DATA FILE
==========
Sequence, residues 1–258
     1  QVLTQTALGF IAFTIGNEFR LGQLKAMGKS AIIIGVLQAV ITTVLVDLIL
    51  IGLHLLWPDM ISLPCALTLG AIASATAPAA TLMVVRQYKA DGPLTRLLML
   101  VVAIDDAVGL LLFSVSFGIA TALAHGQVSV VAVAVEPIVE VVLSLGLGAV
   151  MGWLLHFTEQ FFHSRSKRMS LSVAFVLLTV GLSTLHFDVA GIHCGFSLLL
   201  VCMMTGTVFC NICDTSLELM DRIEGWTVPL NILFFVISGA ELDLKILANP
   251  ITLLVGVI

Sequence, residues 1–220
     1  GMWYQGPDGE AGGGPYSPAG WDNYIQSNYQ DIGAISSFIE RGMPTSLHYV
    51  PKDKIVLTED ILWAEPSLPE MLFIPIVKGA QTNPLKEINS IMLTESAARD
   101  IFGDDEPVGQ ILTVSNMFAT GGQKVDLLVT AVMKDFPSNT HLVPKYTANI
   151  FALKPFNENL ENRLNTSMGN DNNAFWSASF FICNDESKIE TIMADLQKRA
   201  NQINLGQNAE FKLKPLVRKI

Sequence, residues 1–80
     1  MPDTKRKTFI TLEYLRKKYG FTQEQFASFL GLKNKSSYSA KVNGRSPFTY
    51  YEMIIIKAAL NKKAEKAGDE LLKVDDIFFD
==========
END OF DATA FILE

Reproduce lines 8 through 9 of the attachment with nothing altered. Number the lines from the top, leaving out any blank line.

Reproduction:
Sequence, residues 1–220
     1  GMWYQGPDGE AGGGPYSPAG WDNYIQSNYQ DIGAISSFIE RGMPTSLHYV